Fad diets are generally restrictive, and are characterized by promises of fast weight loss   or great physical health notably by " detoxification " ,    and which are not grounded in sound science.
Being nutritionally imbalanced, or highly restrictive, forbidding entire food groups or even only allowing one food or food type. In the most extreme form, they may claim that humans can survive without eating or by having liquid meals only or by consuming non-food items such as cotton wool.
Recommending eating food in a specific order or combination, sometimes based on physiological properties such as genetics or blood type. Based on anecdotal testimonials such as personal success stories, instead of medical evidence from randomized controlled trials.
Requires the purchase of specific products, supplements or resources. Provides no health warning for those with pre-existing medical illnesses. Focuses on appearance enhancement rather than health benefits.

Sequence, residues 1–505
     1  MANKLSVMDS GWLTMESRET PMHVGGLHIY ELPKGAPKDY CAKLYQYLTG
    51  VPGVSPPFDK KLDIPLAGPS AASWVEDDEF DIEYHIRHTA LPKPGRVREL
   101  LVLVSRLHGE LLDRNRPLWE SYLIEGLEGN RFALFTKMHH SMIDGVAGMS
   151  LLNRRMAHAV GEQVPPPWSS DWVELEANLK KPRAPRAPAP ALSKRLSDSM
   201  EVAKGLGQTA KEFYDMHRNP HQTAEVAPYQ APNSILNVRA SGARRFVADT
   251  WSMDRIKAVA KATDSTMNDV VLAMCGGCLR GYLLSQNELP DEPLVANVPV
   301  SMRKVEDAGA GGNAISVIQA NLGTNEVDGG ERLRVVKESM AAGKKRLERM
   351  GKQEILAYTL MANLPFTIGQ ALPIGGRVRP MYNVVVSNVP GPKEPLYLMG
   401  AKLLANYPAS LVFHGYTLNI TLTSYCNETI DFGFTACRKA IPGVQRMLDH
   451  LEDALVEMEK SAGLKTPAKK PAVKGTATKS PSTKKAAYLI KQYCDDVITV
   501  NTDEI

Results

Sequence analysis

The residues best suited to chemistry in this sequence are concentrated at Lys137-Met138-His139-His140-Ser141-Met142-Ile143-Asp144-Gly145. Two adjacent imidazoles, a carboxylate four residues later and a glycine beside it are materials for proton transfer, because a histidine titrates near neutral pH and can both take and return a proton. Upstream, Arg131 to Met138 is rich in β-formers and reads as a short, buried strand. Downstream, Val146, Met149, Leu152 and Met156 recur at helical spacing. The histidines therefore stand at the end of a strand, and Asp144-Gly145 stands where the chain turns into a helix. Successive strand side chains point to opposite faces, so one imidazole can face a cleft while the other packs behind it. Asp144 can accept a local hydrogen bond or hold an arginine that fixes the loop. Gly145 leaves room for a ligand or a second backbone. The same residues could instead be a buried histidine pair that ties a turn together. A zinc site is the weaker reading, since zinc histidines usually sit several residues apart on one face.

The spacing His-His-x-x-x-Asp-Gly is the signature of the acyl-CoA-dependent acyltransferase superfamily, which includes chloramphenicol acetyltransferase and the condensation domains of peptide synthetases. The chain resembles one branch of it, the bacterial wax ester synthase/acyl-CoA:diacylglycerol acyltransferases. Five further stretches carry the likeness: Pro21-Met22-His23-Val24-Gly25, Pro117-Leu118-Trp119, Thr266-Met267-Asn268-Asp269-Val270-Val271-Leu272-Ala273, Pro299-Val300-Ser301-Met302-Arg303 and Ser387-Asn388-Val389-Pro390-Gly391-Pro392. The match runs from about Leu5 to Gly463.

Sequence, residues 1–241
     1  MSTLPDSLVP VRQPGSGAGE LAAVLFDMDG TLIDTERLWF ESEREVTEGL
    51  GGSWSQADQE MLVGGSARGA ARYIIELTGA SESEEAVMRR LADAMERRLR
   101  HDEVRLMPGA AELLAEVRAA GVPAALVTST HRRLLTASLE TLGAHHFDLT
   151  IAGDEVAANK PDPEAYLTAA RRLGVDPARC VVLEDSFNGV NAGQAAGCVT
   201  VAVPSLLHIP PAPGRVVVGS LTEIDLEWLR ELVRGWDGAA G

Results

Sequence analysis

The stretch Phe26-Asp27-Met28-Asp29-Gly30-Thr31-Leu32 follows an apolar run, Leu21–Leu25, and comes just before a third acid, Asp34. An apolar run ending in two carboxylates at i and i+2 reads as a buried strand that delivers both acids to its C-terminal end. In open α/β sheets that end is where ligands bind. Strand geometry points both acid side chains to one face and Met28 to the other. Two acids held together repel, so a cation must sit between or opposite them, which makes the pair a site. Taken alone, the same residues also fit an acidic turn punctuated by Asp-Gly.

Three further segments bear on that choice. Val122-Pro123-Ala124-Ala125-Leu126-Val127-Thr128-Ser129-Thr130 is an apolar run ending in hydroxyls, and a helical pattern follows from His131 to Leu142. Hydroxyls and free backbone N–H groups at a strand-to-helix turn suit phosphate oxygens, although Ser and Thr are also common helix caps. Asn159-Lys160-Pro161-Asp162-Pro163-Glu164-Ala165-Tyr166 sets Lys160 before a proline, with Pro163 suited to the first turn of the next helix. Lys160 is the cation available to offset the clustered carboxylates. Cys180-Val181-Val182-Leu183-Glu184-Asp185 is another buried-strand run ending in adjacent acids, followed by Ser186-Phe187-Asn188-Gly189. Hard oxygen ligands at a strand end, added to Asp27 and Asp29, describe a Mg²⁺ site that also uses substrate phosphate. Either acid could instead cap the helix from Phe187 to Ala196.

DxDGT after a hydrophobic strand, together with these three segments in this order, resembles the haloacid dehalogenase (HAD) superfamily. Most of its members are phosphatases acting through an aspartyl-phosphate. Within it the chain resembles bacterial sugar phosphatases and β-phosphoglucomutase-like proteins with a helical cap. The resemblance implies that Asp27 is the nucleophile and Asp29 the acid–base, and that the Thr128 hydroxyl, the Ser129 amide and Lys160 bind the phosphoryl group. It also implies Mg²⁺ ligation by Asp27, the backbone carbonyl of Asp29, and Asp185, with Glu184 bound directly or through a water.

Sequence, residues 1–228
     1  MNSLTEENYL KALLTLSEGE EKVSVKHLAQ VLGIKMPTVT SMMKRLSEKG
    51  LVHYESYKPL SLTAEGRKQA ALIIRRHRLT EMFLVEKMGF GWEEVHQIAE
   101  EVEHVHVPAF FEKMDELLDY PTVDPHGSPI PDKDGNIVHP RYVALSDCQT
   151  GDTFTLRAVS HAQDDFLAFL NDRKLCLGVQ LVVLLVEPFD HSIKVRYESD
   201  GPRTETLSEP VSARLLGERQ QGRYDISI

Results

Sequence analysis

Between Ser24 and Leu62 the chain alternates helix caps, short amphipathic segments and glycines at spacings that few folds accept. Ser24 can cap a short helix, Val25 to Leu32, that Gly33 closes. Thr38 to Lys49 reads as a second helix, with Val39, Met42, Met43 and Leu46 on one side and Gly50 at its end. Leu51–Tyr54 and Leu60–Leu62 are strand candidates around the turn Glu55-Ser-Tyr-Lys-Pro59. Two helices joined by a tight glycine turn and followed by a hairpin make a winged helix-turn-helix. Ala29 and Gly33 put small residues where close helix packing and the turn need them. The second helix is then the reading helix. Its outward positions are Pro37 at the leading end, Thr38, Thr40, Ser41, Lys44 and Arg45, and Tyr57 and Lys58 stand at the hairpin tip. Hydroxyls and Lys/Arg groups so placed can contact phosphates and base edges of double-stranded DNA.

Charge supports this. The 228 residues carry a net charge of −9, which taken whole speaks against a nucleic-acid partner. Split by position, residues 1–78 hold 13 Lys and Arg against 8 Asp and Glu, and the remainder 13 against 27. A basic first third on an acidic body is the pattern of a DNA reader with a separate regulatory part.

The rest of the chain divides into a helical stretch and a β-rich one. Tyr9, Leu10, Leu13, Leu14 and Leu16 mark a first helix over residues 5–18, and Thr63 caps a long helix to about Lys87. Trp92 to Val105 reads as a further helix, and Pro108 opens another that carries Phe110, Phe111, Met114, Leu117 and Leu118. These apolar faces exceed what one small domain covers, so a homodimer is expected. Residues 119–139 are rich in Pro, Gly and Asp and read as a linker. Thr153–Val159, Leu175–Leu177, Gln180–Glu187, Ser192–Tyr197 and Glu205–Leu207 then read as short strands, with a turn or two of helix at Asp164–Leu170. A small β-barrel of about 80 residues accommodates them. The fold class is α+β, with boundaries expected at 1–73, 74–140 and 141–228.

Being based on a "secret" that has yet to be discovered. The NICE devised a set of essential criteria to be met by commercial weight management organizations to be approved. Katz , "efforts to improve public health through diet are forestalled not for want of knowledge about the optimal feeding of Homo sapiens but for distractions associated with exaggerated claims, and our failure to convert what we reliably know into what we routinely do.
They propose a set of recommendations for a healthy diet :   Achieve an energy balance and maintain a healthy weight. Promote the consumption of fruits, vegetables, whole-grains and nuts. Limit sweets and sugar. Limit salt from all sources and ensure salt is iodized. Limit total fat consumption and in particular replace saturated fats by unsaturated fats as much as possible, and eliminate trans-fatty acids.